It was his addiction to alcohol that led to Lerner's arrest in Paraguay, to where he had fled from Israel using a false identity. He was hospitalized after collapsing from drinking to excess, and there his true identity came to light. When he was arrested in March 2006, approximately 1 million euros and $118,800 was discovered in his hotel room. He was extradited to Israel; but the money, which was classified as evidence, has yet to be returned.
This was not the first time that Lerner had been arrested after an attempt to flee the country. In 1997, he was detained at Ben-Gurion International Airport on his way to the United States, in possession of satellite telephones and documents of companies he headed. He was suspected of ties with leaders of organized crime in Russia, as well as involvement in the slaying of a bank manager in Russia and the attempted murder of other bankers.
The murder conspiracy allegations never made it into his indictment in Israel, but Lerner was convicted on the grounds of his confession to 13 counts in the indictment, including defrauding three banks in Russia to the tune of some $48 million and the attempted bribery of Israeli politicians - among them, Nissim Zvili, Shimon Peres and Natan Sharansky - in an attempt to secure a license to establish a bank in Israel. Lerner was sentenced to six years in prison - a term that he completed - and fined NIS 5 million.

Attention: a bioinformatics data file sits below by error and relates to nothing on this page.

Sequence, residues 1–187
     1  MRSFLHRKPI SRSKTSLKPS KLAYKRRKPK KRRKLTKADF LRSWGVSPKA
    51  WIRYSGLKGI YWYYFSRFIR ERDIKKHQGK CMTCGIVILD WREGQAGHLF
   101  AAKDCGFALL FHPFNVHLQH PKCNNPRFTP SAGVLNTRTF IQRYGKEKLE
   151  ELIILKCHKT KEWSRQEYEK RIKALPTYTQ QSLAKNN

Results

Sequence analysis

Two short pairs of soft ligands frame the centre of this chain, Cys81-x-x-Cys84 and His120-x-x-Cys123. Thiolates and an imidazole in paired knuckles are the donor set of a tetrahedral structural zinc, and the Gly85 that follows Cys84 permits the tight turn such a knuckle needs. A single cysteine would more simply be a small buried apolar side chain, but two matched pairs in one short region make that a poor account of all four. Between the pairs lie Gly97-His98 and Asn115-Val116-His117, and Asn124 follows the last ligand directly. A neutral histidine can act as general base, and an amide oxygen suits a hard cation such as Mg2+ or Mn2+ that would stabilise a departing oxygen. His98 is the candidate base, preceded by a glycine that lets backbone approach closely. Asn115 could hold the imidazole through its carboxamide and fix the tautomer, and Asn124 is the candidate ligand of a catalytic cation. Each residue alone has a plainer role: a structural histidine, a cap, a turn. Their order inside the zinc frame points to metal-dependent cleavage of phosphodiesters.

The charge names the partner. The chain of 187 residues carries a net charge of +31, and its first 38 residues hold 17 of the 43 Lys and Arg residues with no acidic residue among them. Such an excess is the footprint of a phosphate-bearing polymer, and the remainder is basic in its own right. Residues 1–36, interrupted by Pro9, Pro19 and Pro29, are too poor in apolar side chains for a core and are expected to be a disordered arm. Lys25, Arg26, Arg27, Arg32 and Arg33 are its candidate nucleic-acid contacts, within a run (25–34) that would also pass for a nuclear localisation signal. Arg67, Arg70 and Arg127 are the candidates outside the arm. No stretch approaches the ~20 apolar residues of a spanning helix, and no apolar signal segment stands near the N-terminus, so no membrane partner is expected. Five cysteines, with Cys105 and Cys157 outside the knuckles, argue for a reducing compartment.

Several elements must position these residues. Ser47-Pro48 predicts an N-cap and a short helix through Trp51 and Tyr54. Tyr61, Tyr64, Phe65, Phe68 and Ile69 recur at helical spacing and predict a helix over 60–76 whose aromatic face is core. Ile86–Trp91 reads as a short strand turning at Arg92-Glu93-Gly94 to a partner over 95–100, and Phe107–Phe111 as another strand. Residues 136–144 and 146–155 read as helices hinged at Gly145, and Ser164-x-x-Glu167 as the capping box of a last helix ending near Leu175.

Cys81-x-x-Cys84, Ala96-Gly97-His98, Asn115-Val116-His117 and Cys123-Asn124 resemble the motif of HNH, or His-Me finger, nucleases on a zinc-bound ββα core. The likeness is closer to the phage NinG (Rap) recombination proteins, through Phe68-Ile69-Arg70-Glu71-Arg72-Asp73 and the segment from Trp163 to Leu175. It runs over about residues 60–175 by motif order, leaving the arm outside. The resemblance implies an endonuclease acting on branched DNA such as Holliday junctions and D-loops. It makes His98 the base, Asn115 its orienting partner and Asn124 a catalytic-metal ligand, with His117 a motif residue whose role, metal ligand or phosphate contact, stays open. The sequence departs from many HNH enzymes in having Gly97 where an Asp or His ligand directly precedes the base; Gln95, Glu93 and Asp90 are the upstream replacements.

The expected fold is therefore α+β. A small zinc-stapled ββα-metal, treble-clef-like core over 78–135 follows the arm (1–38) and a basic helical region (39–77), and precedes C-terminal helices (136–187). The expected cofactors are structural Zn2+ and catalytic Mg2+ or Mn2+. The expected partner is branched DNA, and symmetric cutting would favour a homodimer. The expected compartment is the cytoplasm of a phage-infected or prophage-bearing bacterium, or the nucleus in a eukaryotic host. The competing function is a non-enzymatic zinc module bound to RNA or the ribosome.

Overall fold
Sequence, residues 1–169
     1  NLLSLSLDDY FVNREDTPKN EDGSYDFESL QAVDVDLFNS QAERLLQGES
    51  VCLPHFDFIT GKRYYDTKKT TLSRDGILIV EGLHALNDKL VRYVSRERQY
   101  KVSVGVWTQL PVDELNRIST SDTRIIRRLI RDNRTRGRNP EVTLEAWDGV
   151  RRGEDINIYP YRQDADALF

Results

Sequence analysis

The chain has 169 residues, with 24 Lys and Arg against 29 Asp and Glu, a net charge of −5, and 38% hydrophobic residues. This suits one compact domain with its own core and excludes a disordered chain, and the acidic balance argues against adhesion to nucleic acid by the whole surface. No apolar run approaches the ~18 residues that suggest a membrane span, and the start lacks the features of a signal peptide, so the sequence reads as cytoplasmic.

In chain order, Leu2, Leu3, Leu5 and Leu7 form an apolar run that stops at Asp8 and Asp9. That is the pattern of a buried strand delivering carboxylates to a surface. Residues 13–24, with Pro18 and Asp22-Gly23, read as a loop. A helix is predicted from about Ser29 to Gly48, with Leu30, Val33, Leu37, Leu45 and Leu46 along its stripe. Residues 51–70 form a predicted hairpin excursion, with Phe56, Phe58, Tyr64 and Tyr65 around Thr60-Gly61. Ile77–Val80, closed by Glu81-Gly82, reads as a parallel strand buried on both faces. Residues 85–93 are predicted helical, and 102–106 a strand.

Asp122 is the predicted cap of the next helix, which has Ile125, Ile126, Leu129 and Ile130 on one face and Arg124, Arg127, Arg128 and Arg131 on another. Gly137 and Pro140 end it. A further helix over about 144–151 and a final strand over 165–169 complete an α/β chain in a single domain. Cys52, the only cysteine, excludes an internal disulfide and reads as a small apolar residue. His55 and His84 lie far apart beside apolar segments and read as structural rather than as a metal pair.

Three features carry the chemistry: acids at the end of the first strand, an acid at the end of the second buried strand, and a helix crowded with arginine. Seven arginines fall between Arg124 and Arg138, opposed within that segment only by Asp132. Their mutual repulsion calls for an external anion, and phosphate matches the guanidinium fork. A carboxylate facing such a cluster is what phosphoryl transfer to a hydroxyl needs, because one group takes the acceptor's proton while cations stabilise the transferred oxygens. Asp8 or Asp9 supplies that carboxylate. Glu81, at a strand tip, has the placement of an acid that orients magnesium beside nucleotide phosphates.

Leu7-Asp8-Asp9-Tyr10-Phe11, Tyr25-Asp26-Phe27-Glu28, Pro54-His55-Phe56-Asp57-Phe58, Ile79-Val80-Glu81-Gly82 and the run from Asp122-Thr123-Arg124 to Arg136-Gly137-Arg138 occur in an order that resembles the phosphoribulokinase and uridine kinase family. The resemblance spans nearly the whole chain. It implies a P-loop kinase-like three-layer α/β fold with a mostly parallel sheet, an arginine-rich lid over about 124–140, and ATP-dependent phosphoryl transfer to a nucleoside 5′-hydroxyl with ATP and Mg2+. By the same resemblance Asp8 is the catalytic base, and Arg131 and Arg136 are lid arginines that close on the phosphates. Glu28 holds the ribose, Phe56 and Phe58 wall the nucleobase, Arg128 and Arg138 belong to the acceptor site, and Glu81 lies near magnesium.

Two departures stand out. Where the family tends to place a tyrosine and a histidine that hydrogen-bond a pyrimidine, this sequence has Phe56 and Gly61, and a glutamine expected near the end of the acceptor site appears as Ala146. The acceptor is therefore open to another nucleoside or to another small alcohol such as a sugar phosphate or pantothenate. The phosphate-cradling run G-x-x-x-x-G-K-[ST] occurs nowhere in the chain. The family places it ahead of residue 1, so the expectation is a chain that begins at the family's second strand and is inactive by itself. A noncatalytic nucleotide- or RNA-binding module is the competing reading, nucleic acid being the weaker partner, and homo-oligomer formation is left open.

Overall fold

Now that he has confessed to another long string of felonies, it is clear that he is facing many more years in jail. Sources close to the case say that he is resigned to the fact that he will be spending more long years behind bars. Previous court rulings in similar instances do not bode well for Lerner, since they determined that agreements reached in negotiations that were never finalized in a plea bargain are not binding.
Still, Lerner's attorneys are arguing that the agreements did reach the final plea bargain stage, only to be rescinded after the fact in a display of bad faith by the prosecution.
In response, the Ministry of Justice issued a statement claiming that "no plea bargain was ever recognized in this case, and certainly the state attorney never rescinded an unrecognized agreement at the last minute."